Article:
Published at 09:56 on 7 July 2021
This is Not Over
Worldwide, the vast majority of individuals have yet to see so much as a single dose of vaccine, and the numbers of new cases and deaths are comparable to spring and summer of last year, when everything was shut down due to the risk. Yes, in the First World things are returning to normal, but the First World is not the entire world. Far from it, actually: the First World is a tiny sliver of wealthy nations. The vast majority of the world’s people live in poverty or near-poverty.
Not Over, Part II
Not only is the virus circulating widely, new variants are continually evolving. So far, the existing vaccines seem to do a good job of protecting against those new variants. There is, however, no guarantee that this will hold into the future. Influenza viruses continually evolve to the point where new vaccines must be continually developed to protect against them.
So long as COVID-19 continues to circulate, and particularly to circulate unimpeded in the Third World, the pandemic is not over. It will not be over until it is over for all. Seen in this light, aid to developing countries is not mere charity; it is self-interest.
Hard to Feel Sorry for Most Refuseniks
Then we get to the First World, where a not-insignificant chunk of individuals, particularly in nations like the USA that are plagued by widespread backwardness of thought, refuse to get vaccinated at all.
First of all, this is their choice: forcing people to get a medical procedure is anti-freedom and should be off the table. This has two sides, however: forcing people to associate with the irresponsible is also anti-freedom and should also be off the table. If businesses and other organizations wish to have vaccine mandates, they should be free to do so. If this causes the refuseniks difficulty in their personal lives, so be it. Choices have consequences.
Secondly, it is very hard to feel sorry for most of the refuseniks that get sick and/or die as a result of their behavior. To reiterate: choices have consequences. COVID vaccination is a rare example of something done very right in the USA. Instead of vaccine access depending on social privilege, the vaccine is available to all, free at the point of delivery. Nobody has to decide between their children having enough to eat and getting a shot. The standard point about many being victims of their unchosen circumstances does not apply this time.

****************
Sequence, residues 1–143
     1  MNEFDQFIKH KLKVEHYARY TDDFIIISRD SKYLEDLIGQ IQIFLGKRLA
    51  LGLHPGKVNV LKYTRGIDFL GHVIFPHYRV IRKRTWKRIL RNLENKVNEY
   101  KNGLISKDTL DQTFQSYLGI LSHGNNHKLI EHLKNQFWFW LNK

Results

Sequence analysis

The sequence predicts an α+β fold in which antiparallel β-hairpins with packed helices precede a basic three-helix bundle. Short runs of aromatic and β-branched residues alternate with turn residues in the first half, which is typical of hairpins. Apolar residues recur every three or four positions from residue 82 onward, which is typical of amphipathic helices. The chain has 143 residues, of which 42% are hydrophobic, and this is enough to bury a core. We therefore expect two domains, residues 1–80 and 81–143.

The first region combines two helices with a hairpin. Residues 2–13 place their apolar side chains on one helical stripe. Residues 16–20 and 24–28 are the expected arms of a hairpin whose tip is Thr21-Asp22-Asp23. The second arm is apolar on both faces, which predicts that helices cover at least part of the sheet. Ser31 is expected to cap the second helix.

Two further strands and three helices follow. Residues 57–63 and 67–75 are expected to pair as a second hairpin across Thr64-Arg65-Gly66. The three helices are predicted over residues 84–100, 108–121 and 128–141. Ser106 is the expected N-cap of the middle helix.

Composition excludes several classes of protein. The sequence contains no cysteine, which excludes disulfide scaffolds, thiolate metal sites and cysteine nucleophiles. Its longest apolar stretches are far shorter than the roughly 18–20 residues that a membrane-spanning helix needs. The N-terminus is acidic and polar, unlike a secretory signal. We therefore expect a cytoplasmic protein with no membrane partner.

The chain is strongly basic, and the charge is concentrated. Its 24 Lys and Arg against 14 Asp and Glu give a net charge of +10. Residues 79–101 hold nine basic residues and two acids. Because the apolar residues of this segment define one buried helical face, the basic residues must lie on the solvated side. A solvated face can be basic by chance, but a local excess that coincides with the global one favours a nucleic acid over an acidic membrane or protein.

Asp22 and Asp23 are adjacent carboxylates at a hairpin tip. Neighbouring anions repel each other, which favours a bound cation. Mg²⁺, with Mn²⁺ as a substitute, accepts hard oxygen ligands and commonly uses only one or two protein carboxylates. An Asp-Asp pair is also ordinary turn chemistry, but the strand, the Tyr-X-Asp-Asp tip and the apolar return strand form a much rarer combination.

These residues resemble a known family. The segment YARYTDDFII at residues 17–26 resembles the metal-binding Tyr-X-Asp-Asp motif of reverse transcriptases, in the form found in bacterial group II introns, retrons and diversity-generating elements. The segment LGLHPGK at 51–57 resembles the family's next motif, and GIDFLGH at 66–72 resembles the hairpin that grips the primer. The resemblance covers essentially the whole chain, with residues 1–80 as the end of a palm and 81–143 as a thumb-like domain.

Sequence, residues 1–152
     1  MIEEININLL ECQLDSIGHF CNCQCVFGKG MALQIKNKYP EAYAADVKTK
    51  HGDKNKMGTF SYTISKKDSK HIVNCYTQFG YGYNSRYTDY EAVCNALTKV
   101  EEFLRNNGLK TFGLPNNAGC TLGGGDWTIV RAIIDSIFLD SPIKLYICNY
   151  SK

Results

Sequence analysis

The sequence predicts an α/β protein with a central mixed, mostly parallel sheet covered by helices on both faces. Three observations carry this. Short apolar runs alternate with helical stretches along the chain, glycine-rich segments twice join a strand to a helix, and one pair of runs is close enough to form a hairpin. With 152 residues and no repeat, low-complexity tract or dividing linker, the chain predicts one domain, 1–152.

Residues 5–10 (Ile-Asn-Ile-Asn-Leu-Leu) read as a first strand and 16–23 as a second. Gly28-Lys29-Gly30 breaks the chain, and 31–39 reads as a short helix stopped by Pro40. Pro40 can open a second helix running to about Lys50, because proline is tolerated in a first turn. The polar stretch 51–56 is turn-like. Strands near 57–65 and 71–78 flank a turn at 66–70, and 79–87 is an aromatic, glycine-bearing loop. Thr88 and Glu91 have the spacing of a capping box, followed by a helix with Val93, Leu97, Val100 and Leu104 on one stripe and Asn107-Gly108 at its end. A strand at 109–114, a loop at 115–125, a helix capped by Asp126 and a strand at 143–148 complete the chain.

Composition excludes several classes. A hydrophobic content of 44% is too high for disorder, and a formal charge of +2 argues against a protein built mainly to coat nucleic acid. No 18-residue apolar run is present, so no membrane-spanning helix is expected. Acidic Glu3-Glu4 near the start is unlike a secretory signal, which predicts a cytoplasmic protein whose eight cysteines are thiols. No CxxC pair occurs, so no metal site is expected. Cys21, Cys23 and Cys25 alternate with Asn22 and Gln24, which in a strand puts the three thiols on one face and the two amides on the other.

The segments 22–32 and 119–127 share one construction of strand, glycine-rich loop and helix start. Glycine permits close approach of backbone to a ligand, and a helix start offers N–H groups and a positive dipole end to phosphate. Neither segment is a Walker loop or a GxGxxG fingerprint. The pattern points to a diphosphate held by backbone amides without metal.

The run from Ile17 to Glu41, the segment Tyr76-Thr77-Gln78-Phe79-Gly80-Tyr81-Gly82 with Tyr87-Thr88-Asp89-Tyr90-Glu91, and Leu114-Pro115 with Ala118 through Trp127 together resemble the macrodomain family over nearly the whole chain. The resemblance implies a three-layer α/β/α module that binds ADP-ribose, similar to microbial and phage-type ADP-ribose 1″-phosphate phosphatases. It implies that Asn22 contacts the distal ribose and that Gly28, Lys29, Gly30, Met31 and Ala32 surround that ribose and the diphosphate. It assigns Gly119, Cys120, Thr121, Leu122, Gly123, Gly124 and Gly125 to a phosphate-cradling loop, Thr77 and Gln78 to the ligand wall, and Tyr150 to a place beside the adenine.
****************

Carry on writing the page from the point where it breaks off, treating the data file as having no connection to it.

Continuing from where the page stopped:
Yes, there are groups that are mistrustful of the medical establishment because of past history (type “Tuskeegee experiment” into your search engine of choice for one such example). And there are people for whom it is just plain unsafe to receive a vaccine. But those cases are a minority of those refusing to get vaccines. I chose my wording carefully: it is hard to feel sorry for most refuseniks.
I Blame Trump, Too
No, he’s not president anymore, but he is still very much politically relevant. Anyone who doubts the latter statement need only consider how much the GOP is still cowering in fear of his every word, refusing to so much as entertain the idea of investigating the January 6th insurrection. Trump created and weaponized the sort of know-nothing-ism that the anti-vax crowd is part of.
There is nothing stopping Trump from agreeing to star in a public service advertisement or two targeted at his demographic, encouraging people to get vaccinated. This would almost certainly be a huge help in increasing the vaccination rate, and Trump himself is vaccinated, proving that he has no objection in principle to vaccination. Yet he insists on running a death cult and killing his followers.
Then again, those followers chose to be followers. The USA is not North Korea; Trumpism is not a mandatory state ideology. Again, it is hard to feel sorry for most of those getting sick and dying as a result of their own personal bad decisions.